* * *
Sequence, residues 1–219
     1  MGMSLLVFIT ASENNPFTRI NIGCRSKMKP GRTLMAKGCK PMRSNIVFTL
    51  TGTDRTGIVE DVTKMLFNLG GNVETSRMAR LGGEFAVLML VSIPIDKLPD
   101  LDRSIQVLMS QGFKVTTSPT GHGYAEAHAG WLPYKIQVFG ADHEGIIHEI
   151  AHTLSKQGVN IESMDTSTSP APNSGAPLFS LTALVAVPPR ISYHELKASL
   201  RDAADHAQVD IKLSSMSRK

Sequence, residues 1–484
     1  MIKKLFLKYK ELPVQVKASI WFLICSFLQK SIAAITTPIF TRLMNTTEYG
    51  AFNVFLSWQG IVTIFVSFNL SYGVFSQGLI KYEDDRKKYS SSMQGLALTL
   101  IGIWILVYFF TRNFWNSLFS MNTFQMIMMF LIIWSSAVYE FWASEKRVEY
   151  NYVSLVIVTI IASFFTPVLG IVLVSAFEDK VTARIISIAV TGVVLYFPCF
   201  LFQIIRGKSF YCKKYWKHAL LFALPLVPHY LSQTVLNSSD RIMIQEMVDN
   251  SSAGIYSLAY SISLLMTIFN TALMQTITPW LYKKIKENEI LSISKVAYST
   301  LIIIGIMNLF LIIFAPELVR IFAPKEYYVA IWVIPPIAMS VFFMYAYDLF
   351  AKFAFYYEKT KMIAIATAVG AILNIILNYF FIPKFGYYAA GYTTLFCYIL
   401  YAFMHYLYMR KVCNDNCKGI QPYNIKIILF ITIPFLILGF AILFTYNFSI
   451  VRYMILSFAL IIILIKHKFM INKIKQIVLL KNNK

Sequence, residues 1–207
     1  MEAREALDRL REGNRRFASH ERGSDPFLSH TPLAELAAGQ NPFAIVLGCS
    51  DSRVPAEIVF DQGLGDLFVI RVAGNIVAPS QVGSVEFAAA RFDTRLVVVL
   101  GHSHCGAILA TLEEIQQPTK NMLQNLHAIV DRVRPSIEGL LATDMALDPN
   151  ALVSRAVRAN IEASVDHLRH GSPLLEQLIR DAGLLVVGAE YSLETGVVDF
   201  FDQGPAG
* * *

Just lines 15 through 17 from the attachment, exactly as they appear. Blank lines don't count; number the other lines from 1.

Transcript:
   351  AKFAFYYEKT KMIAIATAVG AILNIILNYF FIPKFGYYAA GYTTLFCYIL
   401  YAFMHYLYMR KVCNDNCKGI QPYNIKIILF ITIPFLILGF AILFTYNFSI
   451  VRYMILSFAL IIILIKHKFM INKIKQIVLL KNNK